Inshallah

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In sha'Allah (/ɪnˈʃælə/; Arabic: إِنْ شَاءَ ٱللَّٰهُ, romanizedʾIn shāʾ Allāh Arabic pronunciation: [ʔin ʃaː.ʔa‿ɫ.ɫaːh]), also spelled In shaa Allah, InshAllah, Insya Allah and İnşAllah is an Arabic language expression meaning "if God wills" or "God willing".[1] It was mentioned in the Quran[2] which required the use of it when speaking on future events.[3][4] The phrase is commonly used by Muslims, Arab Christians and Arabic-speakers of other religions to refer to events that one hopes will happen in the future.[5][6] It express the belief that nothing happens unless God wills it and that his will supersedes all human will.[5]

Other languages[edit]

Adyghe[edit]

In Adyghe, the terms тхьэм ыIомэ, thəm yı'omə and иншаллахь, inshallah are widely used by Circassians, with the meaning "hopefully" or "if God wills".

Asturleonese, Galician, Spanish and Portuguese[edit]

The word oxalá in Asturleonese, Galician (more rarely in this language ogallá) and Portuguese. In Spanish, the word is ojalá. They all come from the Arabic لو شاء الله (law šā' l-lāh[7][8] (using a different word for "if"), from the time of Muslim presence and rule on the Iberian Peninsula. It means "we hope", "I hope", "we wish", "I wish".

Bulgarian, Macedonian and Serbo-Croatian[edit]

The Bulgarian and Macedonian Дай Боже/дај Боже and Serbo-Croatian ако Бог да (ako Bog da) are the South Slav versions of the expression, calqued from Arabic, owing to Ottoman rule over the Balkans. They are used extensively in Bulgaria, Bosnia and Herzegovina, Serbia, Croatia, Slovenia, North Macedonia, and Montenegro, even sometimes used by non-theists. They are also widely used in Ukraine and Russia.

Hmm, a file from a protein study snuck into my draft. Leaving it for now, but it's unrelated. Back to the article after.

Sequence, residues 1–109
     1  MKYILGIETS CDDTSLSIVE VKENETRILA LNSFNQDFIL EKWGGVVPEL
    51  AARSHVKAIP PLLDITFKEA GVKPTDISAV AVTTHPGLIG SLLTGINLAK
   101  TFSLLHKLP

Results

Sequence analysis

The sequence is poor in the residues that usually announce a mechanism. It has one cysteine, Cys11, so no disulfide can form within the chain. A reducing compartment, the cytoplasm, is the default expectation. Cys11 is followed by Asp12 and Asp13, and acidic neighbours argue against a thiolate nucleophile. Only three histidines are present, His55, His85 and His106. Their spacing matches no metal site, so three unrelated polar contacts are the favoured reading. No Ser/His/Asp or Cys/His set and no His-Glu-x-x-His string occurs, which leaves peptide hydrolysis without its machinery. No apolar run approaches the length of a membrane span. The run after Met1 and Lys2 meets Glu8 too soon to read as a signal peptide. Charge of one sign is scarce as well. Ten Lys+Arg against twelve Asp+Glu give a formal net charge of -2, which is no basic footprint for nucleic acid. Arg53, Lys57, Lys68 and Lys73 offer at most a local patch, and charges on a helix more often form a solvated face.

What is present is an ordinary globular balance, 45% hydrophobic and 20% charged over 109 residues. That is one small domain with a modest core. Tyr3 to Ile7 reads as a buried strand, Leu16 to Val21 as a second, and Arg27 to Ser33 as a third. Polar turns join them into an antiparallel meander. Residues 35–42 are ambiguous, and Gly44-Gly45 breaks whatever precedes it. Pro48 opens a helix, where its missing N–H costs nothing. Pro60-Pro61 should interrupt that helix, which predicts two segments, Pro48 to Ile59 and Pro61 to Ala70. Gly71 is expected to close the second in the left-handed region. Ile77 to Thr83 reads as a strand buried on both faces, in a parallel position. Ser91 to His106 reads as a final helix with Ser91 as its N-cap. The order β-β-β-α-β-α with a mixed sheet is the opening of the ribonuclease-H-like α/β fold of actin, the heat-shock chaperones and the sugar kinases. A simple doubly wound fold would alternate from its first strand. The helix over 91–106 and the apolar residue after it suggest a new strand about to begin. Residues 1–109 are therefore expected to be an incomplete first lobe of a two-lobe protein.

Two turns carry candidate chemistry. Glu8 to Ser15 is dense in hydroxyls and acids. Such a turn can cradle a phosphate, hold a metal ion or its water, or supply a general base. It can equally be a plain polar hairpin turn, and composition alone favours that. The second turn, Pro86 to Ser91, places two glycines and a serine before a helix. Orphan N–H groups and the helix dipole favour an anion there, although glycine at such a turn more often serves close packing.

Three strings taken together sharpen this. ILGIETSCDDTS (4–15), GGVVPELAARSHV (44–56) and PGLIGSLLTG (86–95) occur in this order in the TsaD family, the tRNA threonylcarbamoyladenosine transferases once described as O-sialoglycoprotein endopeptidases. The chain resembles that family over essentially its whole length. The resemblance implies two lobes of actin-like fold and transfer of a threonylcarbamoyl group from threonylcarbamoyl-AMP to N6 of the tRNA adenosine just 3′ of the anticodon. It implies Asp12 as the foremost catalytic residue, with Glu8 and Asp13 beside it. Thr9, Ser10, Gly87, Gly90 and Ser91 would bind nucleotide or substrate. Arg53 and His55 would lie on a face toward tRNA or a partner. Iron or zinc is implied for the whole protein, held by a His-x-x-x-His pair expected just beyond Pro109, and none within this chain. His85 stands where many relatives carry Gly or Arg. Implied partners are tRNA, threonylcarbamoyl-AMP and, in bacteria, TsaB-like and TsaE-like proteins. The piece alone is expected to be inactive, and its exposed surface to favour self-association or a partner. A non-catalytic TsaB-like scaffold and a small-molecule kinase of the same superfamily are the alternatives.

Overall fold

Cypriot Greek[edit]

In Cypriot Greek, the word ίσσαλα (ishalla) is used with the meaning "hopefully".[9]

Esperanto[edit]

In Esperanto, dio volu means "God willing".

Finnish[edit]

Finnish interjection: Jos Luoja suo, meaning "God willing", is used by some artists in popular music to express leaving life to chance/faith/luck.

Indonesian and Malay[edit]

The term is used in the Indonesian and Malay languages with very similar meanings and spellings, i.e. insyaallah (Indonesian) and insya'Allah (Malay), and is used in the same manner, meaning "God willing". It is a very common expression in both languages.

Maltese[edit]

A similar expression exists in Maltese: jekk Alla jrid ("if God wills it").[10] Maltese is descended from Siculo-Arabic, the Arabic dialect that developed in Sicily and later in Malta between the end of the 9th century and the end of the 12th century.

Persian[edit]

In Persian language the phrase is nearly the same, ان‌شاءالله, being pronounced formally as en shâ Allah, or colloquially as ishâllâ.

Polish[edit]

In Polish, Daj Boże and Jak Bóg da are similar expressions to the South Slav versions. They mean "God, give" and "If God will give/allow".

Tagalog[edit]

In Tagalog, sana means "I hope" or "we hope". It is the synonym of the Tagalog word nawa.

Turkish[edit]

In Turkish, the word inşallah or inşaallah is used in its literal meaning, "If God wishes and grants", but is also used in an ironic context when the speaker does not put too much faith in something.

Urdu[edit]

In Urdu, the word is used with the meaning "God willing", but almost never used in the ironic context above.

Russian[edit]

In Russian, Дай Бог! (dai bog) is a similar expression with the meaning "God Willing".

Romanian[edit]

In Romanian, Să dea Dumnezeu! or Să dea Domnul! means the same.

See also[edit]

References[edit]

  1. ^ Clift, Rebecca; Helani, Fadi (June 2010). "Insha'allah: Religious invocations in Arabic topic transition". Language in Society. 39 (3): 357–382. doi:10.1017/S0047404510000199. S2CID 146788629.
  2. ^ [Quran 37:102]
  3. ^ [Quran 18:23-24]
  4. ^ Abdur Rashid Siddiqui (10 December 2015). Qur'anic Keywords: A Reference Guide. Kube Publishing Ltd. ISBN 9780860376767.
  5. ^ a b John L. Esposito, ed. (2014). "Insha Allah". The Oxford Dictionary of Islam. Oxford: Oxford University Press. doi:10.1093/acref/9780195125580.001.0001. ISBN 9780195125580.
  6. ^ Anthony Shadid (11 January 2010). "Allah – The Word". The New York Times.
  7. ^ Asociación de academias de la lengua española (2021). "ojalá". Real Academia Española. Real Academia Española. Retrieved 22 May 2021. Del ár. hisp. law šá lláh 'si Dios quiere'.
  8. ^ Dicionário Estraviz (2021). "oxalá". e-Estraviz. Dicionário Estraviz. Retrieved 2 October 2021.
  9. ^ Γιαγκουλλής, Κωνσταντίνος (2002). Θησαυρός Κυπριακής Διαλέκτου Ερμηνευτικός και ετυμολογικός - Από το 13ο αι. μέχρι σήμερα-Κωνσταντίνος. Λευκωσία. p. 113. ISBN 9963-555-41-1.
  10. ^ Azzopardi-Alexander, Marie; Borg, Albert (15 April 2013). Maltese. Routledge. ISBN 9781136855283.

External links[edit]